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Cardiovascular morbidity in psoriasis: epidemiology, pathomechanisms, and clinical consequences

Published in Giornale italiano di dermatologia e venereologia. 2008, vol. 143, no. 5, p. 307-313
Abstract Psoriasis is a common inflammatory skin condition. Around 25% of patients develop joint involvement in the form of psoriatic arthritis as well. Recent epidemiologic studies demonstrated an increased cardiovascular morbidity among psoriasis patients. Although the association of psoriasis with cardiovascular diseases such as hypertension, myocardial infarction, and heart failure, is now widely accepted, the pathogenetic link remains yet unclear. High prevalence of the metabolic syndrome as well as adverse effects of systemic anti-psoriatic therapies may contribute to the observed association. Several pilot studies suggest that insulin resistance may contribute to the development of cardiovascular diseases in psoriasis patients who exhibit metabolic parameters like patients developing diabetes. Retrospective data provide evidence that continuous systemic therapy may reduce the risk of cardiovascular mortality in psoriasis patients. The consequences for the management of psoriasis at this point are two-fold: as co-morbidity goes along with co-medication, potential drug interactions need to be kept in mind when choosing a systemic anti-psoriatic therapy. Moreover, as psoriasis itself is a risk factor for cardiovascular morbidity, patients must avoid other known risk factors such as obesity or smoking. Dermatologists need to communicate this additional risk to their patients and support them accordingly.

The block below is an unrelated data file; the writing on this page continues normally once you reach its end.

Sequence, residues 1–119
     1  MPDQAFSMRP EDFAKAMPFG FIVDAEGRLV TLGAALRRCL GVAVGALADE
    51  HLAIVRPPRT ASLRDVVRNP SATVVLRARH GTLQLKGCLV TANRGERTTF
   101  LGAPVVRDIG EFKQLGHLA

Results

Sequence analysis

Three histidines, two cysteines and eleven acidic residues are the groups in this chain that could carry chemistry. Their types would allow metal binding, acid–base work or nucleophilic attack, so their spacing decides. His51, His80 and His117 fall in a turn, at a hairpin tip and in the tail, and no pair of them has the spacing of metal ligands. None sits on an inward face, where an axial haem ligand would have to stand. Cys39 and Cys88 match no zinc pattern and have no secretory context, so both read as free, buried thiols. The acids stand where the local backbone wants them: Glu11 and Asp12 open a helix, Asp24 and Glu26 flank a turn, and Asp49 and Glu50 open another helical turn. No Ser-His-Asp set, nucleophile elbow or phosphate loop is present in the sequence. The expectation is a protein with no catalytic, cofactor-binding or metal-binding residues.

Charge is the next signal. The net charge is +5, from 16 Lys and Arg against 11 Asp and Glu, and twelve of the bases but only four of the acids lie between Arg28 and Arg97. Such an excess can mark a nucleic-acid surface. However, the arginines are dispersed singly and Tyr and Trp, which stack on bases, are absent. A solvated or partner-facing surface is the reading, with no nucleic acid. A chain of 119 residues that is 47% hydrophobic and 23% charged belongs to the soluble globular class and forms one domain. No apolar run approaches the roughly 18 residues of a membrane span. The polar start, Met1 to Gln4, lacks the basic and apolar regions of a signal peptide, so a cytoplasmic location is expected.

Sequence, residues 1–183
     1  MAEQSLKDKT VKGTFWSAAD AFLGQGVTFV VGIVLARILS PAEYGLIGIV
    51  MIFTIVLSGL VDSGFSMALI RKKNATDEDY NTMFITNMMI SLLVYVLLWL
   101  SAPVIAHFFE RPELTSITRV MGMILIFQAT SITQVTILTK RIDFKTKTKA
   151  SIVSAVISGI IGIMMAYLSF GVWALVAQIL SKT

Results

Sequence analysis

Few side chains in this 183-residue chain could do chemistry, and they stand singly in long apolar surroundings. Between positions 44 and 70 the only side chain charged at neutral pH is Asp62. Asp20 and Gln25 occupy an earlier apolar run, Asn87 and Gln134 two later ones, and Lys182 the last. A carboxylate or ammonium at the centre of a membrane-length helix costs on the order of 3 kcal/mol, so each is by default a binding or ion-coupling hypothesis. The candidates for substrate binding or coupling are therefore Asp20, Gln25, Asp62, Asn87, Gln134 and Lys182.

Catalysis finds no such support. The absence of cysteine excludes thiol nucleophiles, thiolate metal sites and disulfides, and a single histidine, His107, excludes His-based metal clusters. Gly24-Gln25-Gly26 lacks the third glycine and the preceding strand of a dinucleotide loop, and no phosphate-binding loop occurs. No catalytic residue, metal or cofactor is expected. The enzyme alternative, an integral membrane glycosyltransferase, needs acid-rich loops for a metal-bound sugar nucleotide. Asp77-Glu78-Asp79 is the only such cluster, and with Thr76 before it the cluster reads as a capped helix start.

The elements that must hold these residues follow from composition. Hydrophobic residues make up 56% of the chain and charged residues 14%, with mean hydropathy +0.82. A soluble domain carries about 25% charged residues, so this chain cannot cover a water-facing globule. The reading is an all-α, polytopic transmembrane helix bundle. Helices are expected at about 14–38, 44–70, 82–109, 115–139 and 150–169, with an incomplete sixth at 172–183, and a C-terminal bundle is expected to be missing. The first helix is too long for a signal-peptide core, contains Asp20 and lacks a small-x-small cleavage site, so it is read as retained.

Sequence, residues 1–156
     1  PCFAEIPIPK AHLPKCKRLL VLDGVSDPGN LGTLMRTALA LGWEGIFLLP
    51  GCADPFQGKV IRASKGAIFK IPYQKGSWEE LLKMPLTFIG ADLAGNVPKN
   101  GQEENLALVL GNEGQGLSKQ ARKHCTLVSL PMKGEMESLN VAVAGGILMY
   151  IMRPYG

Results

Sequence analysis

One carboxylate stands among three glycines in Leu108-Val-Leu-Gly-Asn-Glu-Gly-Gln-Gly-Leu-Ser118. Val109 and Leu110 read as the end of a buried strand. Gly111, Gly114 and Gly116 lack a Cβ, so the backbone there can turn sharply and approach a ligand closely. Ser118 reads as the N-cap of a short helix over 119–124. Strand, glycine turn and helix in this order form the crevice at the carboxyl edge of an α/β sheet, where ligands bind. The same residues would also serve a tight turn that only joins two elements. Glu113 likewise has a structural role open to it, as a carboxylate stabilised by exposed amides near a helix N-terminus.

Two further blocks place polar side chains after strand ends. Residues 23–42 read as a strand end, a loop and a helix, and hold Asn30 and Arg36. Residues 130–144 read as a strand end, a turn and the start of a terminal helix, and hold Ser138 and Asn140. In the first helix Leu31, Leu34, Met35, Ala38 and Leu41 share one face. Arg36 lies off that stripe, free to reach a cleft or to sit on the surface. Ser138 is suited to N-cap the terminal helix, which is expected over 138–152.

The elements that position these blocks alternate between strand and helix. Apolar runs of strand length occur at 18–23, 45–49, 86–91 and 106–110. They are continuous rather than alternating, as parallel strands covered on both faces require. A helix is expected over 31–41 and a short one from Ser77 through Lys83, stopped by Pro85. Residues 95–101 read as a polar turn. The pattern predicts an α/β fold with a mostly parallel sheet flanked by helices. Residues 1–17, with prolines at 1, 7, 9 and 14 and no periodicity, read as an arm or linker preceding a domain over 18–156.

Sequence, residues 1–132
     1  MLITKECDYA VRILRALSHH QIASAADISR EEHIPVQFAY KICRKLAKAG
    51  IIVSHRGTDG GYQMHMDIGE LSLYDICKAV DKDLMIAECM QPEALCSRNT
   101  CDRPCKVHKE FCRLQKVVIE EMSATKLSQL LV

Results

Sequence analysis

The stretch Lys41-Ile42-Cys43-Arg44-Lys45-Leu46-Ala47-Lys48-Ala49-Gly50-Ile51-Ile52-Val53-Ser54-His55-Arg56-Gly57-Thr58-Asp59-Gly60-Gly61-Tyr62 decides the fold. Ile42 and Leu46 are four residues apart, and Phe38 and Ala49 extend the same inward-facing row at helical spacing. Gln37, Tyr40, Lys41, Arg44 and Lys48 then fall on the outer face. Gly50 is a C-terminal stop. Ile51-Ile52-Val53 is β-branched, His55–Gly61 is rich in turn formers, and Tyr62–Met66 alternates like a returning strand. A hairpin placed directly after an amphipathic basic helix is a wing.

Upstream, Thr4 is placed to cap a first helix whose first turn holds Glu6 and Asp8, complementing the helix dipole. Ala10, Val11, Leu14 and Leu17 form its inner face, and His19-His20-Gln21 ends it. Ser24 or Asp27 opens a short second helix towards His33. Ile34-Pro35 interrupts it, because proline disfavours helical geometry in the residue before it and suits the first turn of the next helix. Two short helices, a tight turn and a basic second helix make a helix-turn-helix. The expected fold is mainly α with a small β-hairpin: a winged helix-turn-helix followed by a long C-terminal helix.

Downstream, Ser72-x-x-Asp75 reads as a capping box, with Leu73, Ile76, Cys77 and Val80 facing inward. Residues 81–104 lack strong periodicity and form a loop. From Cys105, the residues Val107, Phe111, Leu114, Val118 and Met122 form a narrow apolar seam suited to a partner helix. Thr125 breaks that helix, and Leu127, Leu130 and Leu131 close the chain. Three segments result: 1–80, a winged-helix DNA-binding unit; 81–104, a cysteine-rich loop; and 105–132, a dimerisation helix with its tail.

Keywords Cardiovascular Diseases/epidemiology/*etiology/prevention & controlHumansPsoriasis/*complications/therapy
PMID: 18833072
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BOEHNCKE, Wolf-Henning, BOEHNCKE, Sandra. Cardiovascular morbidity in psoriasis: epidemiology, pathomechanisms, and clinical consequences. In: Giornale italiano di dermatologia e venereologia, 2008, vol. 143, n° 5, p. 307-313.

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Deposited on : 2013-09-20

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